[RIO DE JANEIRO] Hurricanes in the Atlantic Ocean may become easier to predict by tracing the evolution of a sub-type of El Niño event.
El Niño (the El Niño Southern Oscillation or ENSO) is a periodic warming of the Eastern Pacific Ocean, with associated air pressure changes, that affects weather circulation in the Atlantic. Forecasters use it to predict the number and frequency of hurricanes.
But these predictions cannot usually be made before June each year because, until then, it remains uncertain whether the Pacific Ocean will have an ENSO event, a La Niña event (a cooling instead of warming) or remain neutral.
Now, researchers from the Georgia Institute of Technology (GT), United States, say that predictions can be improved by separating ENSO events into two different modes. The Eastern Pacific warming (EPW) is the conventional ENSO but in Central Pacific warming (CPW) — another type of ENSO — the warming occurs further to the west.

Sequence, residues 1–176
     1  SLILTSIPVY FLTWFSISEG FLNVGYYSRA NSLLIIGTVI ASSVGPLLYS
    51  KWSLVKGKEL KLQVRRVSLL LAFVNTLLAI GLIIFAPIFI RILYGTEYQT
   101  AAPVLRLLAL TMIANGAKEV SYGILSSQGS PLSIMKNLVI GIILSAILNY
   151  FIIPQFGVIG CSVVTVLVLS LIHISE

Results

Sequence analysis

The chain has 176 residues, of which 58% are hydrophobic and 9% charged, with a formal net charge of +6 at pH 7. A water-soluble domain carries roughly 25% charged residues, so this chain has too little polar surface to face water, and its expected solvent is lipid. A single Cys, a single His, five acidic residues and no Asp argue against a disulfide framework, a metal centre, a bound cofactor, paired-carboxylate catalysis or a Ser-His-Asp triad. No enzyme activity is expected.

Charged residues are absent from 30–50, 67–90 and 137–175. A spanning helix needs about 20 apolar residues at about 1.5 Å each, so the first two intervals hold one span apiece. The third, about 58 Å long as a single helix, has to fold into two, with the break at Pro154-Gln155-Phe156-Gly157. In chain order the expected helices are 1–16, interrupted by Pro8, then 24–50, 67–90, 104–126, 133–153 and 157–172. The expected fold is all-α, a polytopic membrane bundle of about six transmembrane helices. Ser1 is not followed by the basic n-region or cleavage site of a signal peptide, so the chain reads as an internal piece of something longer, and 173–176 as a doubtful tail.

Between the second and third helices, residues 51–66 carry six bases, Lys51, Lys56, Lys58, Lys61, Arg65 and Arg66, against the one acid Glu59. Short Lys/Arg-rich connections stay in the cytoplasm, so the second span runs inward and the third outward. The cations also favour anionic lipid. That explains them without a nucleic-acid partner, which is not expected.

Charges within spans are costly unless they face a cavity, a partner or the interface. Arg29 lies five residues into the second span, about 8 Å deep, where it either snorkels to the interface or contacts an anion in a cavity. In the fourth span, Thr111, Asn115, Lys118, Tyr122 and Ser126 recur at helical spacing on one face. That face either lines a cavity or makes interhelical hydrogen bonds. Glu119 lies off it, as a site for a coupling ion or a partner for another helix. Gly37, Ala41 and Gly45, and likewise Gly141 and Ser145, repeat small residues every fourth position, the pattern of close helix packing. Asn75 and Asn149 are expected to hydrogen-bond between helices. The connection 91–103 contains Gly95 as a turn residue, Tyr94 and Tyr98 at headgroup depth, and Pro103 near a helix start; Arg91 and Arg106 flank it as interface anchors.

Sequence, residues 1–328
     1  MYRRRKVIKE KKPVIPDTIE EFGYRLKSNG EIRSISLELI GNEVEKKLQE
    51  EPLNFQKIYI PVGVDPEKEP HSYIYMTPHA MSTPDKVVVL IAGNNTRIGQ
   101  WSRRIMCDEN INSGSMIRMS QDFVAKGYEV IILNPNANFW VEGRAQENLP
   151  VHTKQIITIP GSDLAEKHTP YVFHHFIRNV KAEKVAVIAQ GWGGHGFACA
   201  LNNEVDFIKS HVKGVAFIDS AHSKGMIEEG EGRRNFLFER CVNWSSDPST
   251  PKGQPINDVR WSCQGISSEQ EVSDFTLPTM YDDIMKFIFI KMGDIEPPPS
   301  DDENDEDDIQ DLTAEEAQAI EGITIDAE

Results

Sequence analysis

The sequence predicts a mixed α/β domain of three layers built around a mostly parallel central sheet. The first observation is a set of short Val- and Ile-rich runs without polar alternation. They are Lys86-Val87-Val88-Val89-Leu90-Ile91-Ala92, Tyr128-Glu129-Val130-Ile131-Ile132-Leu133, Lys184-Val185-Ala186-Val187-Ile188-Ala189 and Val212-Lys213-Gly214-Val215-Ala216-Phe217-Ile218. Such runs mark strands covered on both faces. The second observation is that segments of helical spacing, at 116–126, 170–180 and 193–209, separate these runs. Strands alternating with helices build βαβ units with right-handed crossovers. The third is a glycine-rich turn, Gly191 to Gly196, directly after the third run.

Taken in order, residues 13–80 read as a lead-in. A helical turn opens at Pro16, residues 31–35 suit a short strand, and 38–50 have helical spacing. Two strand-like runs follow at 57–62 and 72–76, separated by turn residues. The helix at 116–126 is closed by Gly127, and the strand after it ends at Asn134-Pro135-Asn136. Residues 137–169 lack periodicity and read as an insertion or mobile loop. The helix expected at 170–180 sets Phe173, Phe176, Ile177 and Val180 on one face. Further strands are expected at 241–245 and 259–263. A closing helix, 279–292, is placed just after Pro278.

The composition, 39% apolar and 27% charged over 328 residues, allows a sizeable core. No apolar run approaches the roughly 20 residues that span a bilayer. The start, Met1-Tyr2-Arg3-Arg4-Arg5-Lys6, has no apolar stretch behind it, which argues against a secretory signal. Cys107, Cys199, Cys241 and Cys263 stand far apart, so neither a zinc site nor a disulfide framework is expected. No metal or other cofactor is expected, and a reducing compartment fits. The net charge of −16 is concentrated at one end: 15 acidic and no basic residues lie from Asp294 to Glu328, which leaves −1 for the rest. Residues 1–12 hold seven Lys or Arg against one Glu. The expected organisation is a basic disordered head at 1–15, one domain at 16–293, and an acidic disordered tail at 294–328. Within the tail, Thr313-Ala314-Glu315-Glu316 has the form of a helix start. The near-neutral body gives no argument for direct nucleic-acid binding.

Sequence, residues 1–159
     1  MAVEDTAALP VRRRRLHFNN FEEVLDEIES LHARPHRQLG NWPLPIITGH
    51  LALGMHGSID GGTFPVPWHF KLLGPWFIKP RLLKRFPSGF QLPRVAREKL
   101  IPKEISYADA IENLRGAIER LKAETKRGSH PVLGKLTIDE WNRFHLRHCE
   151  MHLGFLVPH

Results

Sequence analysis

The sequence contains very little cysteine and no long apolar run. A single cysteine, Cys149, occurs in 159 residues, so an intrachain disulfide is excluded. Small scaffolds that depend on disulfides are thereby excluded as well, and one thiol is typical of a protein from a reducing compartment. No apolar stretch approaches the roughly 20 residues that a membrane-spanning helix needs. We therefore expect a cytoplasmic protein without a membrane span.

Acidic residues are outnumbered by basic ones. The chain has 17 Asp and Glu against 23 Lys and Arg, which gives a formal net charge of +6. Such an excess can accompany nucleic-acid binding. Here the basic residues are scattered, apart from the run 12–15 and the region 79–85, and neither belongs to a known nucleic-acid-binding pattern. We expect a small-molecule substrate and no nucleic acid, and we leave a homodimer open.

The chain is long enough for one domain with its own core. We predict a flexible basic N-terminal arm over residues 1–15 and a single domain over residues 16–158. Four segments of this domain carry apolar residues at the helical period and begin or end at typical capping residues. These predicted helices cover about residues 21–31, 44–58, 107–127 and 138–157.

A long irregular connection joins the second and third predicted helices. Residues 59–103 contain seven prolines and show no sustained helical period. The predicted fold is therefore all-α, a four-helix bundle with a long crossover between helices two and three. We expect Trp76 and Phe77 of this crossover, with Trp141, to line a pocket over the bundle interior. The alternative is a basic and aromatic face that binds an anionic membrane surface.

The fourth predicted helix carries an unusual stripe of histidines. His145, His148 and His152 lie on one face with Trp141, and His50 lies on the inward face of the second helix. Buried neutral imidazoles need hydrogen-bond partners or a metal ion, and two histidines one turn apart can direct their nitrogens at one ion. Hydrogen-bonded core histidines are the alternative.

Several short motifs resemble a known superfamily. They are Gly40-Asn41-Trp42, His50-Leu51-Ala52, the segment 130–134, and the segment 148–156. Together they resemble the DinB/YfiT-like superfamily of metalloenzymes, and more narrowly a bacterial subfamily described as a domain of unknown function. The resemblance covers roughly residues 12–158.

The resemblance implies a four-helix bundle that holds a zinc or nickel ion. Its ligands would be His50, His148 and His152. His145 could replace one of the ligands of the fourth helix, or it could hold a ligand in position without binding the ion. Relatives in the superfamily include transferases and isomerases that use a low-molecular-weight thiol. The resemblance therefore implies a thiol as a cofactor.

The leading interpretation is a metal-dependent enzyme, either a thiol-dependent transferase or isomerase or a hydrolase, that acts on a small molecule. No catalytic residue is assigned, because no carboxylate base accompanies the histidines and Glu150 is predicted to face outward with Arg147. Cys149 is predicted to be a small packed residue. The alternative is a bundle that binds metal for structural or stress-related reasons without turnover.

CPW starts its annual cycle slightly earlier than EPW, helping forecasters' attempts to predict cyclone activity for the upcoming season, Hye-Mi Kim, lead author of the study and a research scientist at GT, told SciDev.Net.
"This is a new way of looking at the El Niño Southern Oscillation (ENSO) phenomenon. The authors have shown that the CPW does not suffer from the 'predictability barrier' associated with the classical El Nino that makes it hard to forecast well ahead," Greg J. Holland, a researcher at the National Center for Atmospheric Research, United States, told SciDev.Net.
Kim and colleagues also say that CPW events are becoming more frequent at the expense of EPW events. The reasons for this are unknown but the researchers warn that because CPW events are associated with an increase in hurricane activity — contrary to normal ENSO events — the rise could mean more hurricanes, particularly for the Caribbean and the Gulf of Mexico.
Co-author Peter Webster, a professor at GT, said in a press release that this rise in hurricane activity is because CPW events occur in the Central Pacific where warming is associated with a higher storm frequency.
The research was published in Science earlier this month (3 July).
Science 325, 77 (2009)